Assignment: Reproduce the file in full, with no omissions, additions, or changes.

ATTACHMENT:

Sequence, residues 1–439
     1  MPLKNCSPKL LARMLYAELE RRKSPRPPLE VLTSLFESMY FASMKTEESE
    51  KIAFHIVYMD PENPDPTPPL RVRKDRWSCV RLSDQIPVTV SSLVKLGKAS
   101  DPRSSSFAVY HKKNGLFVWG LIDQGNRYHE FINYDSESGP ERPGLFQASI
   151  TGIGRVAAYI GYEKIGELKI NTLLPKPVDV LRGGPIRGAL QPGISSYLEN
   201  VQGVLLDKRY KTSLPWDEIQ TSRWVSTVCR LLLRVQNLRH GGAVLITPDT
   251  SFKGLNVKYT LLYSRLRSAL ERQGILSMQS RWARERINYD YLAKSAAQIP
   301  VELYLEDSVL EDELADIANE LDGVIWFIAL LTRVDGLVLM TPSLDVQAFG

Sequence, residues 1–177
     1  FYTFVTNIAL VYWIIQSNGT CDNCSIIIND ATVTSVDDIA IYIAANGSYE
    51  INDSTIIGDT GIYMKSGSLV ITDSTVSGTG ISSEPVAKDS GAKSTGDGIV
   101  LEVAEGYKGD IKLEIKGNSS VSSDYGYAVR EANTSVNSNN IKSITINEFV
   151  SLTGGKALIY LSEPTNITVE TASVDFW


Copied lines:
Sequence, residues 1–439
     1  MPLKNCSPKL LARMLYAELE RRKSPRPPLE VLTSLFESMY FASMKTEESE
    51  KIAFHIVYMD PENPDPTPPL RVRKDRWSCV RLSDQIPVTV SSLVKLGKAS
   101  DPRSSSFAVY HKKNGLFVWG LIDQGNRYHE FINYDSESGP ERPGLFQASI
   151  TGIGRVAAYI GYEKIGELKI NTLLPKPVDV LRGGPIRGAL QPGISSYLEN
   201  VQGVLLDKRY KTSLPWDEIQ TSRWVSTVCR LLLRVQNLRH GGAVLITPDT
   251  SFKGLNVKYT LLYSRLRSAL ERQGILSMQS RWARERINYD YLAKSAAQIP
   301  VELYLEDSVL EDELADIANE LDGVIWFIAL LTRVDGLVLM TPSLDVQAFG

Sequence, residues 1–177
     1  FYTFVTNIAL VYWIIQSNGT CDNCSIIIND ATVTSVDDIA IYIAANGSYE
    51  INDSTIIGDT GIYMKSGSLV ITDSTVSGTG ISSEPVAKDS GAKSTGDGIV
   101  LEVAEGYKGD IKLEIKGNSS VSSDYGYAVR EANTSVNSNN IKSITINEFV
   151  SLTGGKALIY LSEPTNITVE TASVDFW